So of course we knew. They made another run and dropped another dinghy for us and we retrieved it. They dropped two of them actually and one we couldn’t retrieve, but the one we got had warm suits in it and our mid-upper gunner, he was shivering from the cold and wet, we got him transferred into it and put the warm suit on him and kind of him quieted down from his shivering. And the planes were circling. Then three [Avro] Lancasters [bombers] came, they flew around and then came a [Vickers] Warwick [bomber] and he flew around. And then they left and we thought oh boy. And it’s getting pretty near dark now. And then come a [Lockheed] Hudson [bomber] and underneath the Hudson, they had an airborne lifeboat. And he circled a couple of times, we thought, he’s going to drop that. And then he wiggled his wings and away he went and we were all alone. Well, boy, our spirits dropped, we thought, uh-oh, that’s it. And we thought the sea was just too rough to drop that lifeboat, so he’s gone.

Well, a few minutes go by, which seemed eternity, and then we seen a little seaplane coming, it was a [Supermarine] Walrus. He made one circle of us and went way off and down he come in the sea. And just disappeared. We thought, oh man, he’s gone. The sea was so rough, we didn’t think he could possibly land in it. Well, we kept looking and looking and finally I guess he was on top of a wave where we were and we seen each other and he must have been a mile away when he hit the water. But anyways, he was taxiing towards us and finally got there. So we all got out of the dinghy, and I don’t know why I was second, but I got out. You go into the nose of the Walrus seaplane, because it’s a pusher type, the propeller’s behind, so we went in there and we crawled down back, the fellow ahead of me, he went clear to the tail and I’m back and it’s only about two foot square back there on a board. And the others came in behind in which order I don’t know, but the skipper would be the last one to get in. He was a real Air Force Navy man too, he was used to the water.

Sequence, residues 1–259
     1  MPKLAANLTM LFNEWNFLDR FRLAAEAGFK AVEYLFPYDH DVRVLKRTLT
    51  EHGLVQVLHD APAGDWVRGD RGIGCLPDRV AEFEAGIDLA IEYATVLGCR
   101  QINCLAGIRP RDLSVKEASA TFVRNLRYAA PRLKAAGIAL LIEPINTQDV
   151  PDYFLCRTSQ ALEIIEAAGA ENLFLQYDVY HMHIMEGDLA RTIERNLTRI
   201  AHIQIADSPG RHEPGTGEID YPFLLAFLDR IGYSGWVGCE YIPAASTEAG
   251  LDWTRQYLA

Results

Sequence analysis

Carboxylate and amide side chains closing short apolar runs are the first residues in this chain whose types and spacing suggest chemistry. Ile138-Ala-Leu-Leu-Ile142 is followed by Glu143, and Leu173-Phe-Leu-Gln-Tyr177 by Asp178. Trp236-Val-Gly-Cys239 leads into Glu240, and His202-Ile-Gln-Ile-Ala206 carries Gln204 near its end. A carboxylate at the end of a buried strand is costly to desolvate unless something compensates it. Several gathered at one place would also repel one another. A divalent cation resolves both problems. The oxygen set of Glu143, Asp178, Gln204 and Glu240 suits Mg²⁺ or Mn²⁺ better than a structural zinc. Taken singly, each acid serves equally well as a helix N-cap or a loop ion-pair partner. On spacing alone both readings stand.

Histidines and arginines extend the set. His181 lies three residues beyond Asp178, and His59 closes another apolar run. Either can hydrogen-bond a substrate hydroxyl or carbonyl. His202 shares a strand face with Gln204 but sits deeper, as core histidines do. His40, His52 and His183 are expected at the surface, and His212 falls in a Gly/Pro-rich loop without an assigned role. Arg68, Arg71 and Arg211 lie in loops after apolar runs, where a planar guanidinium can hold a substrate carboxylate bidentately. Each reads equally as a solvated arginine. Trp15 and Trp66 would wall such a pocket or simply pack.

So we were all in there and the Walrus starts up. By now, it’s completely dark though and he starts up and chugging along towards England I guess, he’s going and you close your eyes and you dream, well, it’s dry in the air and it’s fairly warm and you were comfortabler than you’d been all day. So you closed your eyes and all of a sudden, the motor revs up a bit and cabang, you hit something, man, what did we hit. And your mind goes crazy on you. You think, well, we hit a mine? No, it didn’t explode. Maybe a log? The debris of some sort. Okay. The motor starts up again, away it goes, we only go a little bit, cabang again, same thing happens. Your mind’s still, what in the world are we hitting. And somebody’s pulling on my foot, so I start backing out and I pulled a jerk on the fellow in front of me and we start getting out.

And we got out at the front of the plane and here what he was doing was revving the motor up and hitting the back of this boat. Now, we thought it was a PT [Patrol Torpedo] boat but it wasn’t, it was out there, it was a rescue launch that stayed in the North Sea for maybe a week at a time, just for emergencies such as ours. And we transferred into it. All of us. Everybody got a shot of rum and got our wet clothes off, put on navy blue coveralls and got into a nice warm bunk with a nice white blanket. That’s what I remember.